The Joup Friday Album: Dennis Wilson – Pacific Ocean Blue

denniswilsonI don’t know about the rest of you, but when I was growing up, and gradually discovering music of all kinds to wiggle around to, one of the few bands that got the full fledged seal of approval from both my parents and us kiddos alike was the sunny, surf-pop rock sounds of The Beach Boys. They were catchy, and fun, and even popped up on Full House with Uncle-fucking-Jesse on the drums. Good, old-fashioned, wholesome rock and roll. Or maybe not.

The Joup Friday Album: Roky Erickson and The Aliens – The Evil One

rokyericksonFull disclosure: I am super stoked that I ended up with the Halloween edition of Joup’s Friday Album.  That being said, it was actually kind of difficult to narrow my options down to one solid choice.  I skidded around from Goth metal to dark and creepy drone, from horror scores to silly, Halloween themed surf rock, finally settling on The Evil One, Roky Erickson and The Aliens’ punk and 80’s rock riff on all things monster movie.  This 1981 opus has everything: monsters, demons, zombies, vampires, and the devil himself.  It plays out like a love letter to a midnight B-movie marathon.

The Joup Friday Album: Butthole Surfers – Independent Worm Saloon

buttholesurfersI just knew that I would eventually get around to writing a little bit about Texas’ answer to psych-punk, acid, noise, and mayhem, the oddball and fascinatingly weird Butthole Surfers. It took me a while to decide on an album to focus on, hopping around from the weirdo psych-metal of 1987’s Locust Abortion Technician, to the strange and acoustic psych-rock meandering of 1988’s Hairway to Steven, and finally to the drag race heavy metal thump of 1993’s Independent Worm Saloon, ultimately deciding on the latter due to it being my introduction to the band when I was in junior high school. It also features Led Zeppelin’s John Paul Jones on the boards, throwing a little credit to my theory that a band’s rhythm section are often the hippest dudes in the group.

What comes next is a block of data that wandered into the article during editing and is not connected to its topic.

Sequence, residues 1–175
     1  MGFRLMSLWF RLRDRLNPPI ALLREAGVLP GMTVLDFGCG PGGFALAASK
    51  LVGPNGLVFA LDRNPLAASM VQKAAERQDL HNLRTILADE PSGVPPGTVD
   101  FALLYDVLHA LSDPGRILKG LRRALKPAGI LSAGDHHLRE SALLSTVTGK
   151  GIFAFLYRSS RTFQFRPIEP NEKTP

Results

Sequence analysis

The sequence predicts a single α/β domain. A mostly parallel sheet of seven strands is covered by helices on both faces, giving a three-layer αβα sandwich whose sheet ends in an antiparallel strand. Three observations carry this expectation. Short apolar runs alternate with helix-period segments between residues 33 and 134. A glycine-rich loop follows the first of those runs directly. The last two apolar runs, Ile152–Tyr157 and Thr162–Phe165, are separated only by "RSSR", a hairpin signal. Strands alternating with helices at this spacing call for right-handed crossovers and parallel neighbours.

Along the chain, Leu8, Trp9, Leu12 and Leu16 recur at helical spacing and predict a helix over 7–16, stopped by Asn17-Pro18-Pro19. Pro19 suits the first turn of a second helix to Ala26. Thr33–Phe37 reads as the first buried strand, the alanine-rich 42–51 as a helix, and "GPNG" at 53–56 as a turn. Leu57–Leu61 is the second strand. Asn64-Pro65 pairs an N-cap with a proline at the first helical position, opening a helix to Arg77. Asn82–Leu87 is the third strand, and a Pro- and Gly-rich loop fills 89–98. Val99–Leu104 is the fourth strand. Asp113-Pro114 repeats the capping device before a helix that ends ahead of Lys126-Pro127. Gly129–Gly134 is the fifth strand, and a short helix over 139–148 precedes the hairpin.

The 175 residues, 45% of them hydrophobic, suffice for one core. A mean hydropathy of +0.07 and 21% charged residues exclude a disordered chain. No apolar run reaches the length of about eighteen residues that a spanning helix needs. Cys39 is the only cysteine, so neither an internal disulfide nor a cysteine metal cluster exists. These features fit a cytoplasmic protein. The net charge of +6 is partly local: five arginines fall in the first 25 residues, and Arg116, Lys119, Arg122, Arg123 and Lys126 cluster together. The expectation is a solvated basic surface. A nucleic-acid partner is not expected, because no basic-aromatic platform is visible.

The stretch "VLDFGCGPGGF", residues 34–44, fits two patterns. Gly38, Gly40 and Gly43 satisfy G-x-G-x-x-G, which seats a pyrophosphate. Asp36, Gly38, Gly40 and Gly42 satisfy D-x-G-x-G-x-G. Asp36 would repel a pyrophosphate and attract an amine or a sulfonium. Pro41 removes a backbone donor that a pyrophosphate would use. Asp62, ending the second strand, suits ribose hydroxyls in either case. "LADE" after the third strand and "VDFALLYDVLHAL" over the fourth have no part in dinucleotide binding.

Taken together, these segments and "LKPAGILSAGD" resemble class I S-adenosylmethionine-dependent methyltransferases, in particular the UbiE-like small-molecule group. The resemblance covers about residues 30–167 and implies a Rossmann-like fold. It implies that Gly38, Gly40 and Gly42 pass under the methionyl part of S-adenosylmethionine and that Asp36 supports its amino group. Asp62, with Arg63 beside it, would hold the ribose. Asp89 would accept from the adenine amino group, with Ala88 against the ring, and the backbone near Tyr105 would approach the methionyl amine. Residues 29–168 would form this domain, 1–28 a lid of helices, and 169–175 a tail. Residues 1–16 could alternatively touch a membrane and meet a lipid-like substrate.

New Music Enthusiast’s Club: Latimer House

latimer houseLatimer House – All the Rage

There’s something to be said for old pop sounds that work and wind their way into newer, modern made music, the everlasting and transcending sonic tropes of the innovators that came before, like tapping into some kind of cosmic consciousness or current. Hailing from Prague, guitar pop quartet Latimer House wade in the soothing sounds of 60’s psych pop and 70’s rock and new wave on their album All the Rage, crafting quirky, yet familiar pop nuggets readily available for your consumption.

35…er…36 Albums in 35 Years: 2014

In an ongoing attempt to bleed my opinions all over your computer screen, I’m selecting one album from every year that I’ve been alive that has some sort of significance to me…and then writing about it. Welcome back to 35 Albums in 35 Years.

Okay, so I’ve already done 35 albums, but there have been plenty of great releases this year too, and I’ve kind of gotten used to writing these things over the last nine months, so let’s pick one. Shall we?

 

perturbator2014: Perturbator’s Dangerous Days

35 Albums in 35 Years: 2013

In an ongoing attempt to bleed my opinions all over your computer screen, I’m selecting one album from every year that I’ve been alive that has some sort of significance to me…and then writing about it. Welcome back to 35 Albums in 35 Years.

 

deafheaven2013: Deafheaven’s Sunbather

I have too many death albums.

35 Albums in 35 Years: 2012

In an ongoing attempt to bleed my opinions all over your computer screen, I’m selecting one album from every year that I’ve been alive that has some sort of significance to me…and then writing about it. Welcome back to 35 Albums in 35 Years.

 

chromatics2012: Chromatics’ Kill for Love

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